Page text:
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Chocolate cookies get a spark from crystallized ginger

Chocolate Marvel Cookies get a double-whammy of chocolate with cocoa and semi-sweet chocolate morsels. A mixture of macadamia nuts, almonds and cashews gives the cookies a nice crunch. Photo by Sue Doeden1 / 2
Crystallized ginger adds unexpected brightness to Chocolate Marvel Cookies. Photo by Sue Doeden2 / 2

The sudden change in weather, from sunny and warm to cool, wet and dreary, put me in the mood to start "cleaning out." You know, cleaning out my clothes closet, cleaning out the refrigerator and cleaning out the kitchen pantry.

I uncovered all kinds of things I had forgotten about. A flat plastic box of crystallized ginger was hidden way in the back of a pull-out shelf in my pantry, buried under a bag of aebleskiver mix and some semolina flour. A friend had given me the spicy-sweet dried slices of ginger late last winter. She bought them at a little market in Phoenix during a winter vacation. When she got home with the box that held almost a pound of crystallized ginger, she discovered she didn't like it one bit. I like it a lot. And that's how it wound up in my pantry.

There were a few pieces that had disappeared as I grabbed a slice now and then to eat like candy or to drop into a cup of tea. But, due to its vanishing act, there was still plenty remaining.

Ginger comes in several forms. Fresh ginger is an edible root, full of gingery juice. You'll find it in the produce department of your grocery store.

Crystallizing ginger is a traditional method used for preserving the fresh root. Fresh ginger is boiled in sugar syrup, tossed in sugar and dried. It can be used in all sorts of ways, from adding welcome zing to granola or a bowl of hot oatmeal, to mixing unexpected brightness into quick breads, scones and cookies, as well as adding depth of flavor to savory sauces, chutneys and curries. Crystallized ginger is often found in the aisle with baking products or in the candy or natural foods section.

I put a call out to my food-loving Facebook friends asking for their favorite ways to use crystallized ginger. I collected several interesting ideas: create ginger-infused cognac or vodka, add to gingerbread, ginger cookies and oatmeal cookies, add it to homemade chocolate bark, cheesecake, chocolate cake, oh my. In other words, crystallized ginger is versatile.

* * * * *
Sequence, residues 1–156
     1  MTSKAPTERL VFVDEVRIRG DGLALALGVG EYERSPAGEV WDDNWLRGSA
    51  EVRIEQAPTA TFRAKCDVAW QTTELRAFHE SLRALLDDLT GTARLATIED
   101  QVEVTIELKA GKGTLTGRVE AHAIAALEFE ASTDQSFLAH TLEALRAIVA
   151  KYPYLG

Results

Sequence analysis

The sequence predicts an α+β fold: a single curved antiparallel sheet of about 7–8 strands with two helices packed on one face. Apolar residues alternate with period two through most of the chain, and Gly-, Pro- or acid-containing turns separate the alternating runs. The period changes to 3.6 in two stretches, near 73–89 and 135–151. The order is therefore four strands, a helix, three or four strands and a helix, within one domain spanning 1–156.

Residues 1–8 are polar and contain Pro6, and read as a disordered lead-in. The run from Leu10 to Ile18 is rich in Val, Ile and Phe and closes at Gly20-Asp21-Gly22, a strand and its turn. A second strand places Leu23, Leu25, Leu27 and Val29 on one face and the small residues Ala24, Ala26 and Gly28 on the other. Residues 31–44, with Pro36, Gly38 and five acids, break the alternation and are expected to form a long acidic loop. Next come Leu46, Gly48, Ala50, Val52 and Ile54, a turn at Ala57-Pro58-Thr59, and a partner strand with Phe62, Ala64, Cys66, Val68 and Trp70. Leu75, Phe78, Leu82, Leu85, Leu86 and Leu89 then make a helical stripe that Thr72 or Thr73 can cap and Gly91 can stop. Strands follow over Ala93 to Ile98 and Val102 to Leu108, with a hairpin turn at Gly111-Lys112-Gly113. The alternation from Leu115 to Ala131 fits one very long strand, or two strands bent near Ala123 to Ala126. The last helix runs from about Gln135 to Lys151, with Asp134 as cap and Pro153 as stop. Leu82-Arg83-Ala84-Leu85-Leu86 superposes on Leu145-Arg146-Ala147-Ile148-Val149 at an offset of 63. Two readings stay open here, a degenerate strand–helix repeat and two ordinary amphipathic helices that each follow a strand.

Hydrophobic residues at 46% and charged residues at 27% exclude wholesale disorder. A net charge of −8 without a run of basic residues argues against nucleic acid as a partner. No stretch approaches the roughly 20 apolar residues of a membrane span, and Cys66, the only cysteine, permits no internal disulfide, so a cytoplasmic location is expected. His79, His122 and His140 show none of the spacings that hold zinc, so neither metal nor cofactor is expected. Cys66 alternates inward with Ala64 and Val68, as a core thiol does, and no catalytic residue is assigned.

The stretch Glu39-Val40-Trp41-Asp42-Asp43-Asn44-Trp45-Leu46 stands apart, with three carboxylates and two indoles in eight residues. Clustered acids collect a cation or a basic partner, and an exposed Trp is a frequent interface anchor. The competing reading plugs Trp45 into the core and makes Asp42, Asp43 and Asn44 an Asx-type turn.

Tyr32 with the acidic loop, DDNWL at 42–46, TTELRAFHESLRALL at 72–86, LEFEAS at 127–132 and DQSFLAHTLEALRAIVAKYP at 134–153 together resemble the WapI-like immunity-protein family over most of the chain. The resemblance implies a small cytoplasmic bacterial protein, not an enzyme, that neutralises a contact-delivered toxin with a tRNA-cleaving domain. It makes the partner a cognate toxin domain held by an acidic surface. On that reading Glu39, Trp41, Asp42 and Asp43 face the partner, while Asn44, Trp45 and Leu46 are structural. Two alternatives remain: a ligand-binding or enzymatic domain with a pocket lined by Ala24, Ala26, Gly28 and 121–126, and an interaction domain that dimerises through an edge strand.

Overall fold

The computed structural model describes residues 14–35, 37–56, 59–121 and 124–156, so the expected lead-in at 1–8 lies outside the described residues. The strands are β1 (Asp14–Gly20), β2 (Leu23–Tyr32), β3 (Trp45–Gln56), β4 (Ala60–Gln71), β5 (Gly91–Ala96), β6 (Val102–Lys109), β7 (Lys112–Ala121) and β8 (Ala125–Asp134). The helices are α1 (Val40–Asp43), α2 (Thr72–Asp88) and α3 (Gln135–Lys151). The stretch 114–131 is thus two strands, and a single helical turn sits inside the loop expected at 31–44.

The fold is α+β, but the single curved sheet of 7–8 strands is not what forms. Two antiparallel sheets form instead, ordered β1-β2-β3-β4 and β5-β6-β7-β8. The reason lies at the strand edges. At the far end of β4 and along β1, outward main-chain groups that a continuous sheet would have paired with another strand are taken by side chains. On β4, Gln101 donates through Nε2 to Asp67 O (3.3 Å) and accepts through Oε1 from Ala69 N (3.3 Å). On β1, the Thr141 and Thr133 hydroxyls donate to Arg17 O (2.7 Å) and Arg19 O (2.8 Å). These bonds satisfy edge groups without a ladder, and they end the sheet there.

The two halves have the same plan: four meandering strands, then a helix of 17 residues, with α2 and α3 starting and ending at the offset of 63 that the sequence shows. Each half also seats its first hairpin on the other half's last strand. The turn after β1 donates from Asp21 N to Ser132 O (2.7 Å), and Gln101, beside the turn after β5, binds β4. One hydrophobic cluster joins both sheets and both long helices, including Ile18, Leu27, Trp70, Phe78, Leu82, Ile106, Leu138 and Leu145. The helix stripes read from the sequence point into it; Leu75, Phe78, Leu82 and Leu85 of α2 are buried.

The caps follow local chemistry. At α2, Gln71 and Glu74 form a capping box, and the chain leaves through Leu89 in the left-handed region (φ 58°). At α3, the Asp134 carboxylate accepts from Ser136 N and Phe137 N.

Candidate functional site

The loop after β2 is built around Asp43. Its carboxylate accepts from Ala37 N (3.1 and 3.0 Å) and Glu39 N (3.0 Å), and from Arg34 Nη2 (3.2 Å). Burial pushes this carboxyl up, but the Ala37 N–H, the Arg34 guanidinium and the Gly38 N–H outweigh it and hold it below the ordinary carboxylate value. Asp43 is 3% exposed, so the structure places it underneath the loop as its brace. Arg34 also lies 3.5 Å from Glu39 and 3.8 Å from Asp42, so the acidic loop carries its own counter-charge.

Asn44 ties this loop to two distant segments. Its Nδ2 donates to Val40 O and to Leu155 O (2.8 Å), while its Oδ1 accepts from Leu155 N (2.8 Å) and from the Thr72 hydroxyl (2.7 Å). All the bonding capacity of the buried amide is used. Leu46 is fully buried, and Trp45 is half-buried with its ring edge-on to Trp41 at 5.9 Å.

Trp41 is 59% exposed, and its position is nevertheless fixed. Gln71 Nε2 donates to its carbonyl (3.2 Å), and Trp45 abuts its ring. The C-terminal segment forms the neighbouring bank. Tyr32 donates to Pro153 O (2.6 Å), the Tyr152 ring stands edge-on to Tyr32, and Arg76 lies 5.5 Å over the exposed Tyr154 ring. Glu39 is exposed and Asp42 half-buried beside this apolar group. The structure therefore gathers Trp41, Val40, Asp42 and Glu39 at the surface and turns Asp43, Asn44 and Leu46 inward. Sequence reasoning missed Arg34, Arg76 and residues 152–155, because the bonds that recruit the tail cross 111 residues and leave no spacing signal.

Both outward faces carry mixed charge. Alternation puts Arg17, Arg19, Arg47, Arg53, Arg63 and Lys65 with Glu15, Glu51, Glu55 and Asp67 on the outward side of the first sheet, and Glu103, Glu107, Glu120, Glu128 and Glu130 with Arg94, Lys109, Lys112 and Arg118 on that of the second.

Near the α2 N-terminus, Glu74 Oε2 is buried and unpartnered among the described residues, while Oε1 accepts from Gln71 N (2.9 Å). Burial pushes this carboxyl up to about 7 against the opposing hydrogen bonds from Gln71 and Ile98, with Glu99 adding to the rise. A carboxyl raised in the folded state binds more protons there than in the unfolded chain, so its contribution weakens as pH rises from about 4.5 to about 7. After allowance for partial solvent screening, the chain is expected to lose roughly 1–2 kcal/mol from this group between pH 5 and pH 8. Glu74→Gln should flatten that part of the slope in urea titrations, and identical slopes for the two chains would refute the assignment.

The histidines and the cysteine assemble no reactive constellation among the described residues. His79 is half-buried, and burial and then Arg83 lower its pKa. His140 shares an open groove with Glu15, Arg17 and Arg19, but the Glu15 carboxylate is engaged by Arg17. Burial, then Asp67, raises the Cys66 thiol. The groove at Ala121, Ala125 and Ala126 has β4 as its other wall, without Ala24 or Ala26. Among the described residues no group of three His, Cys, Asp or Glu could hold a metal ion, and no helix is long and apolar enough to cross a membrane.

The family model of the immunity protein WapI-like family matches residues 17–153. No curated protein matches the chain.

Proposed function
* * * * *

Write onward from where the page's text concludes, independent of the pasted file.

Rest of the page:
It was the mention of chocolate that got me thinking of cookies. I had visions of melt-in-the-mouth fudgy cookies bursting with chunks of macadamia nuts and a little bit of spicy honey-sweet ginger.

I pulled out my favorite chocolate cookie recipe that has survived the test of time. I was ready to give it a few tweaks.

Chocolate Marvels get a double-whammy of chocolate with cocoa and semi-sweet chocolate morsels. I accidentally discovered a nut mix with roasted and salted macadamia nuts, cashews and almonds in the snack aisle of the grocery store as I was searching for macadamias. As it turned out, it was just the right combination to coarsely chop and add to the cookie batter. Melting the butter and bringing it to golden brown adds to the rich, nutty flavor of the cookies. A couple of tablespoons of minced crystallized ginger added just enough vibrant flavor without overpowering the chocolate. At first bite, you may think Chocolate Marvels have a bit of peppermint flavor. The faint heat of ginger is similar to that of mint.

It's a good thing crystallized ginger has a long shelf life when it is stored in a tightly sealed container. I'll be making these Chocolate Marvels for months. And, who knows what the next pantry find may turn into. There are still a couple more shelves to "clean out."

Chocolate Marvel Cookies

1 cup butter

1/2 cup light brown sugar

2 cups all-purpose flour

2/3 cup cocoa powder

3/4 teaspoon baking soda

1/2 teaspoon salt

1 cup granulated sugar

2 large eggs

2 teaspoons vanilla extract

2 tablespoons finely chopped crystallized ginger

1/2 cup nuts, chopped

2 cups semi-sweet chocolate morsels

In a sauté pan, melt butter over medium-low heat. Bring butter to golden brown by allowing it to bubble for 5 to 8 minutes. Remove from heat and stir in brown sugar. Scrape butter mixture into a pie plate and let stand in refrigerator for 45 minutes.

Preheat oven to 325 degrees.

Sift flour, cocoa, baking soda and salt together. Set aside.

Scrape chilled butter mixture into a large mixing bowl. Add granulated sugar and beat until fluffy. Beat in eggs, vanilla and ginger. Add dry ingredients and beat at low speed to blend. Add nuts and semi-sweet chocolate morsels and stir to combine.

Roll dough into balls, using about 1 1/2 tablespoons of dough for each ball. Place on lightly greased or parchment paper-lined baking sheets.

Bake in preheated 325-degree oven for about 15 minutes. Remove cookies from oven when they are still soft in the middle, but brown on the bottom. Allow to cool a few minutes on baking sheet, then transfer cookies to wire rack to cool completely. Store in an airtight container at room temperature for up to one week.

Yields 4 to 4 1/2 dozen.

Tips from the cook

--Use any nuts that suit your fancy when you mix up these cookies. I found a can of roasted and salted macadamias, cashews and almonds. The mix of textures and flavors added to the lusciousness of the cookies.

--Chop the crystallized ginger as tiny as you can get it. Pretend you are mincing garlic.